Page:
The power of Wiggles

Thursday, February 22, 2007
Show Me Center staff members tried to keep dancing children away from the stage as The Wiggles' Murray sang at the concert Wednesday. The crowd sang along with most of the Australian group's songs. (Kit Doyle)

On Wednesday night, the Show Me Center belonged to the children.

They danced in the aisles, they danced in their chairs, they raised their hands up high, they sang, they did basically whatever they wanted. The children owned the arena, and it was The Wiggles that empowered them.

Angel McClanahand, 3, and her mother Becky watched a large-screen video of The Wiggles before the concert Wednesday at the Show Me Center. Angel dressed up like Wiggles character Dorothy the Dinosaur and brought a rose, the character's favorite food. (Kit Doyle)

Wednesday night The Wiggles, billed as the "world's No. 1 preschool band," kicked off its latest North American tour in Cape Girardeau (pronounced jokingly by band members several ways, including Gi-rar-dew). They did so to the delight of 3,543 children and parents, most of whom wiggled for the entire 80 minutes of show.

The crowd was nearly 93 percent capacity for this particular show, said Show Me Center marketing director Shannon Buford.

Some drove from places like Paducah, Ky., and Murphysboro, Ill., to see the show, arriving at 5 p.m. for the 6:30 p.m. performance.

With bright colors, plenty of dancing and characters like Wags the Dog, Dorothy the Dinosaur and Captain Feathersword the Friendly Pirate, the four-man band from Australia kept the Show Me Center crowd mesmerized and on their feet almost the entire time.

Wiggles fans and their parents and grandparents came from all around the region for the show, the first one in the United States featuring Sam Moran, the new Yellow Wiggle who recently replaced group member Greg Page.

Page had to quit the band last year due to chronic illness.

"Excited," Moran said in a preshow interview about feelings before his first U.S. appearance as the Yellow Wiggle. "I'm really looking forward to seeing the response from the audience, and I think they're going to love the show, because it's a brand-new show. ... It's a huge show."

The audience response was bigger than the show. The children at the Show Me Center seemed not to even notice one of their Wiggles had changed. Instead they were focused on dancing and singing their favorite tunes. This was not the audience the Wiggles see in their native Australia, Moran said.

"We do notice a difference between countries, Australia and America," Moran said. "The audiences are definitely different. In Australia, the audiences are more laid-back."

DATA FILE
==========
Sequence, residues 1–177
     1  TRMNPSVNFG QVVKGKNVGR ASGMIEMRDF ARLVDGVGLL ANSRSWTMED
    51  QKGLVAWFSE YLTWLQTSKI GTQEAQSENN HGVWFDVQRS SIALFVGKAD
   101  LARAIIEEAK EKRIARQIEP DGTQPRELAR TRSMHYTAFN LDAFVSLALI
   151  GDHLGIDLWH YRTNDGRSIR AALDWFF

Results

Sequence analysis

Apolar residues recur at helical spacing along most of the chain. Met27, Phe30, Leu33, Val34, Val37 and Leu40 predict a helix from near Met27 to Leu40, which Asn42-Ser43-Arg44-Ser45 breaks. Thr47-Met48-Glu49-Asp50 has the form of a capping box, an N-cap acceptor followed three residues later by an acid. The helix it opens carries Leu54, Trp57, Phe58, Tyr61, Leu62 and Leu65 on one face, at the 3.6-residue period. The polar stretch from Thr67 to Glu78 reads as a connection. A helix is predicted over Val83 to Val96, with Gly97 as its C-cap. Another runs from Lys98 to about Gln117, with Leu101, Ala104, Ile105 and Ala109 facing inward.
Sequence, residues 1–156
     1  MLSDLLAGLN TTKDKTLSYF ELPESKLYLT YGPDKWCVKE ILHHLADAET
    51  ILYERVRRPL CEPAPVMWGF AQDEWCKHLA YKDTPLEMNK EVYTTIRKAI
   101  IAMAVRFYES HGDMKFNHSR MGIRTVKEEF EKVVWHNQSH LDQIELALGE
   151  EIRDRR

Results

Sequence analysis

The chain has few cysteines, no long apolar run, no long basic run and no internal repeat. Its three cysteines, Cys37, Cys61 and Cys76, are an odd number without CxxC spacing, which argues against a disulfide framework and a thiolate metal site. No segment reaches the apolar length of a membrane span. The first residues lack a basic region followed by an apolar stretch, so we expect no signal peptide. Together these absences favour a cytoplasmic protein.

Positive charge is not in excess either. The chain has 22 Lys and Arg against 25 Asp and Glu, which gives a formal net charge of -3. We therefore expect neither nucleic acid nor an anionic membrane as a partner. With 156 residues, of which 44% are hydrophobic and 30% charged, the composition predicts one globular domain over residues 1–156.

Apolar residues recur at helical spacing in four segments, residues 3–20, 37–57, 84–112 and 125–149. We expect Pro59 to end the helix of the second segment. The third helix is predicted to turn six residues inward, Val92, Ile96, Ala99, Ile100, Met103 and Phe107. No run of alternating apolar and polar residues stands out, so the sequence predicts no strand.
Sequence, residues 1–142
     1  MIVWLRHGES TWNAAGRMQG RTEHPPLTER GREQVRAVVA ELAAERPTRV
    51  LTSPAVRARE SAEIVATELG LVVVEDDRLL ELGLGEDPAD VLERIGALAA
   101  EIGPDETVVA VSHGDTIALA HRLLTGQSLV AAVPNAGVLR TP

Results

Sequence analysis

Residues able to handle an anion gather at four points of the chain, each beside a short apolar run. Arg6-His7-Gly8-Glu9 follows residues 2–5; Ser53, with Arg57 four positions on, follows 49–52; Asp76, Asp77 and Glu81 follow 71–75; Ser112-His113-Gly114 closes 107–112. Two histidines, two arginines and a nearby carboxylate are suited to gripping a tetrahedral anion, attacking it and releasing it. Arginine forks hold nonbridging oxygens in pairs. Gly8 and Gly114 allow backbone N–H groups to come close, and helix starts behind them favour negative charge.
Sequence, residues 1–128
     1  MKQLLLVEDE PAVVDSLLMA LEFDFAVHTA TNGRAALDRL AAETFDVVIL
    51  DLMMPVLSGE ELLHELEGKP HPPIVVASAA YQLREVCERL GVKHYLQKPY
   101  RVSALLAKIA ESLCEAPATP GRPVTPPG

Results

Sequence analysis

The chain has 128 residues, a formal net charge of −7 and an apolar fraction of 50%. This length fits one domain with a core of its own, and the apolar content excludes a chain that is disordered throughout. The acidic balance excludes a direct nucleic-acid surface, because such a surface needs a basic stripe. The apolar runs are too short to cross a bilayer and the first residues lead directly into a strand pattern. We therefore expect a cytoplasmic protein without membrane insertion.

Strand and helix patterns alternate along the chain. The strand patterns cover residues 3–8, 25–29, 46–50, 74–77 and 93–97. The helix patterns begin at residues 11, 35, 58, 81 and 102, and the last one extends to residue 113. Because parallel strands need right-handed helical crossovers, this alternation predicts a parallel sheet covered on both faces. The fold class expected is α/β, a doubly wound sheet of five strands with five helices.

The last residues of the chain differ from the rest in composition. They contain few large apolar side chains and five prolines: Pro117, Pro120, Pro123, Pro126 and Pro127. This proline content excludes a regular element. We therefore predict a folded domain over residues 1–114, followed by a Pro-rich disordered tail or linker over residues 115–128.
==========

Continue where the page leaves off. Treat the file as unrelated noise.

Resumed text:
In Australia they clap, Moran said, but in America they get up and move around.

From the moment the Wiggles came on stage in their red car, a modified golf cart, the children who'd only been walking for a few years were up in the aisles and in their seats, wiggling to songs about fruit salad, fish and other child-friendly themes. The children's mood was contagious, as their parents and grandparents wore smiles throughout the show, watching their preschool-age children having fun.

The night was especially important to Janet Duckworth of Poplar Bluff, Mo., who brought her 3-year-old granddaughter, Chloe Camp, to the show. Duckworth experienced some health problems in recent months that took away her mobility. During those difficulties, she would never have been able to take Chloe to see The Wiggles.

"One day she looked at me and said 'Grandma, you don't wiggle anymore,'" Duckworth said. "I didn't know if I'd wiggle again."

Duckworth was diagnosed with the congenital heart disease patent foramen ovale in December -- a condition defined by a hole in the heart. But after heart surgery in December, she was able to dance all night with Chloe.

Grandparents Bud and Bonnie Armstrong of Matthews, Mo., also brought their granddaughter, 3-year-old Abigail Armstrong. They drove to Kennett, Mo., last night to meet Abigail, whose parents brought her up from Truman, Ark. For the Armstrongs, the Wiggles concert was a chance to bond with their granddaughter, who they don't get to see on a regular basis.

The last time Abigail saw The Wiggles was in Memphis, Tenn., when she was 18 months old. "I was a baby," she exclaimed before the show.

Armed with a red rose, one of Dorothy the Dinosaur's trademarks, Abigail stood in her seat in the front row and sang along to many of the Wiggles songs, while just a few feet away the floor space in front of the stage was filled with children just like her.

Two-year-old Keegan Gracey was one of them. His mother, Melanie, brought him from Piedmont, Mo., and Keegan made sure to give her a workout.

"He's a little mosh-pitter, I think," said Melanie Gracey, just before running off after Keegan. "It's like a rock concert."

In the world of preschool pop, The Wiggles are the ultimate rock stars. Guitarist Murray Cook made sure to throw in some rock for the parents, too, playing the opening of "Stairway to Heaven" for a few seconds at the beginning of one tune.

But Cook was just throwing the parents a bone, like the kind children throughout the audience brought for Wags the Dog's enjoyment. As new Yellow Wiggle Moran reminded the adults, Wednesday night was all about the children.

"We ask you to give a big clap for the stars of the show, the children of Cape Girardeau," Moran told the crowd before the set's final number.

335-6611, extension 182

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